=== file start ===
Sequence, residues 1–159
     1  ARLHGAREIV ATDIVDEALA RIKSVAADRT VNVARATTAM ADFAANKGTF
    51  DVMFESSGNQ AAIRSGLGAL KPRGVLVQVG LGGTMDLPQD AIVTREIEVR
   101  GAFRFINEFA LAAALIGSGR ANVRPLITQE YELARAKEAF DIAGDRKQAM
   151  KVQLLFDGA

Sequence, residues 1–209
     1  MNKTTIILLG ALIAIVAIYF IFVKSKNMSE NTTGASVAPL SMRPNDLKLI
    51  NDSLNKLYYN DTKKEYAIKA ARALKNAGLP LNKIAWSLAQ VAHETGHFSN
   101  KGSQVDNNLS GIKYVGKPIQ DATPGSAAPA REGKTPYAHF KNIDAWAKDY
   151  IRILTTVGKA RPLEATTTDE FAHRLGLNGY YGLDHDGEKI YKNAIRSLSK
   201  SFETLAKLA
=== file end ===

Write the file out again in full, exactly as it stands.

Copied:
Sequence, residues 1–159
     1  ARLHGAREIV ATDIVDEALA RIKSVAADRT VNVARATTAM ADFAANKGTF
    51  DVMFESSGNQ AAIRSGLGAL KPRGVLVQVG LGGTMDLPQD AIVTREIEVR
   101  GAFRFINEFA LAAALIGSGR ANVRPLITQE YELARAKEAF DIAGDRKQAM
   151  KVQLLFDGA

Sequence, residues 1–209
     1  MNKTTIILLG ALIAIVAIYF IFVKSKNMSE NTTGASVAPL SMRPNDLKLI
    51  NDSLNKLYYN DTKKEYAIKA ARALKNAGLP LNKIAWSLAQ VAHETGHFSN
   101  KGSQVDNNLS GIKYVGKPIQ DATPGSAAPA REGKTPYAHF KNIDAWAKDY
   151  IRILTTVGKA RPLEATTTDE FAHRLGLNGY YGLDHDGEKI YKNAIRSLSK
   201  SFETLAKLA